An entertainment franchise is said to have "jumped the shark" when, in an effort to maintain or recapture past glory, it pulls such a blatantly ham-fisted stunt that it actually expedites its own demise. Sci-fi is a breeding ground for such atrocities, but here is the Trivia Geek's take on when the Star Trek franchise went off the rails. Brace for impact.
I recently came across Something Awful's list of The 22 Most Awful Moments in Science Fiction. Now, I like me some Something Awful. They bring the funny. But this list is a bit padded, and wanders off into some crazy territory that most SF fans don't care about. (Seriously, who is bent out of shape that President Reagan's pie-in-the-sky Strategic Defense Initiative got nicknamed" Star Wars?" Like that is the worst fate to befall the franchise.) So, instead, I've trimmed and rearranged the list to my liking, and as your beneficent Geekend dictator, ye shall like it as well. Now, these rants are long, so they'll each earn their own belabored blog entry. The series starts off with a subject near and dear to my heart:Q: When did Star Trek jump the shark? A: Star Trek: First Contact
Most Trekkers would count First Contact as the last good Trek movie, and at first blush I'm inclined to agree with them, even if the film rather significantly retconned Zefram Cochrane's history (He was originally from Alpha Centauri, not Montana) and paved the way for the four-year punch-to-the-brain that was Enterprise.
In the plus column, we had a big screen showdown with the Borg, a new movie-worthy starship Enterprise, actual gunfights, Worf back with his real crew, and even a little rock & roll, all set on some their-past-our-future Earth. It was like all five of the good ideas from the entire NextGen era of Trek fan fiction made their way into one really decent script.But then there was the Borg Queen, and that ruined everything.
The Borg were originally defined as genderless, faceless, nameless, all-consuming man-machine hybrids with which you could not negotiate, could not overpower, and only by sheer luck and creative individuality could you ever hope to defeat—temporarily. That is until First Contact, for which the producers needed a conventional villain for the "dumb audience," so we get Alice Krige gothed up in H.R. Giger fetish gear going all creepy-vampy on Data and retconning Locutus of Borg from a terrifying perversion of our beloved Captain Picard into a spurned cyborg concubine that Miss Borgy needed to acquire some V'ger-esque spark of humanity.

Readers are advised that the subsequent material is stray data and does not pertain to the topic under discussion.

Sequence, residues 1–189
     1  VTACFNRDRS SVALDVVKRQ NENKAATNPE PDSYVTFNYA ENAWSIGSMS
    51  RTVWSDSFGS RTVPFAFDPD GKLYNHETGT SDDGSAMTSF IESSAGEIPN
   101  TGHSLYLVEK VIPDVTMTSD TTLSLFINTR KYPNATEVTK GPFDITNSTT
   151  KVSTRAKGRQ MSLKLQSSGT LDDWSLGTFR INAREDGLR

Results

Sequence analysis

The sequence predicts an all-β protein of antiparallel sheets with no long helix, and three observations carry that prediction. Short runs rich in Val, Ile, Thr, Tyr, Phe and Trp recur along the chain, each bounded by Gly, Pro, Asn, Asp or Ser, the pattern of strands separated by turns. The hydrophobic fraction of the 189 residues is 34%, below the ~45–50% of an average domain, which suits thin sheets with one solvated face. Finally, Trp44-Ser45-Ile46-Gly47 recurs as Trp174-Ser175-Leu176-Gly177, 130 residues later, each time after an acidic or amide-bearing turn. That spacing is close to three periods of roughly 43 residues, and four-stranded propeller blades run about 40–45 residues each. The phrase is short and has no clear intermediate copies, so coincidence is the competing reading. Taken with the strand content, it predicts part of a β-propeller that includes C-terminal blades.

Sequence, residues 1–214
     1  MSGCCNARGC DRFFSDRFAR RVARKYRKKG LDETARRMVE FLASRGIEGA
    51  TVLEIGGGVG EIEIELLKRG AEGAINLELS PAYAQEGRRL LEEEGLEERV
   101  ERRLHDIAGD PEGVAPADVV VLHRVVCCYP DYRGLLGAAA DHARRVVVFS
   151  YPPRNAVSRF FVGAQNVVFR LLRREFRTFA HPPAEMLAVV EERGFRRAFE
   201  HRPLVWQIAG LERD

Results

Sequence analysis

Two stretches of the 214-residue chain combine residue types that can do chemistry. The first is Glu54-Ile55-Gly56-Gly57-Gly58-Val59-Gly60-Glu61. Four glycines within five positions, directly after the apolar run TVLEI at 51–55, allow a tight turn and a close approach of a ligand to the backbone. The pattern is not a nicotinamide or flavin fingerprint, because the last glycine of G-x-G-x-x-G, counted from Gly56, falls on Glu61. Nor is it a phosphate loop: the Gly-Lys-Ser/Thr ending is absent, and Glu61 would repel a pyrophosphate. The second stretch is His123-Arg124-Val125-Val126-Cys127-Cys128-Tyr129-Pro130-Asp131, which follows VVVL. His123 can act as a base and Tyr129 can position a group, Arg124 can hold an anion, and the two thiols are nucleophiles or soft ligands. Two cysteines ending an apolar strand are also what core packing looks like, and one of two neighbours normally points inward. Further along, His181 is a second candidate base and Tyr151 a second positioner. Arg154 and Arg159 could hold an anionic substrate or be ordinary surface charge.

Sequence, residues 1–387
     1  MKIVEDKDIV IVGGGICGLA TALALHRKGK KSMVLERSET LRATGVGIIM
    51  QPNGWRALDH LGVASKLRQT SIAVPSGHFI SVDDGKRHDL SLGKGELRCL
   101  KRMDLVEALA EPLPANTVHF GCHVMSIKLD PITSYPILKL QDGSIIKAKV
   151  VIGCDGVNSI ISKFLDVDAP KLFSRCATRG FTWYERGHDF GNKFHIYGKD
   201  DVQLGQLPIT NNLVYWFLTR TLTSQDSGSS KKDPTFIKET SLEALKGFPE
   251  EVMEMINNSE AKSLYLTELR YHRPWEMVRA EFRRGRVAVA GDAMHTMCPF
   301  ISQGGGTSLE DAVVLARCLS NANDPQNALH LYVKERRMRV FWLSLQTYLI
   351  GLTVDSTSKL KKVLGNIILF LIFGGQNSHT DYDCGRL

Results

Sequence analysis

The Borg Queen single-handedly diminished the Borg from a personification of everyone's secret fear of the dehumanizing power of technology and conformity run amok into two-bit techno-zombie henchmen of everyone's un-fondly remembered codependent ex-girlfriend. (It's worth noting that in First Contact, the Borg assimilate you vampire-bite style, rather than through the slow, tortuous process seen in "The Best of Both Worlds." These are B-movie monsters now, not powerfully terrifying metaphors for identity-stripping monoculture.)
By the time Voyager comes along, the uber-scary Borg are getting pwned by giant preying mantis aliens, outwitted on a weekly basis, and then eventually domesticated into vapid plot-device-sprouting eye candy in the form of Seven of Nine. The Borg aren't a force of nature anymore, they're cube-dwelling morons working for an easily duped pasty-faced dictator who has devolved into unknowing self-parody. In other words, the Borg are Dunder-Mifflin, minus Jim and Pam.
Thus, Star Trek jumped the shark with First Contact, and everything that followed—Voyager's second through seventh seasons, the complete series of Enterprise, to say nothing of Star Trek: Insurrection and Nemesis—has been an exercise in rapidly diminishing returns. Maybe J. J. Abrams can turn Star Trek around, but to do so he's resorting to a near-reboot of the entire franchise. Sadly, it's probably come to that.
Anybody care to disagree?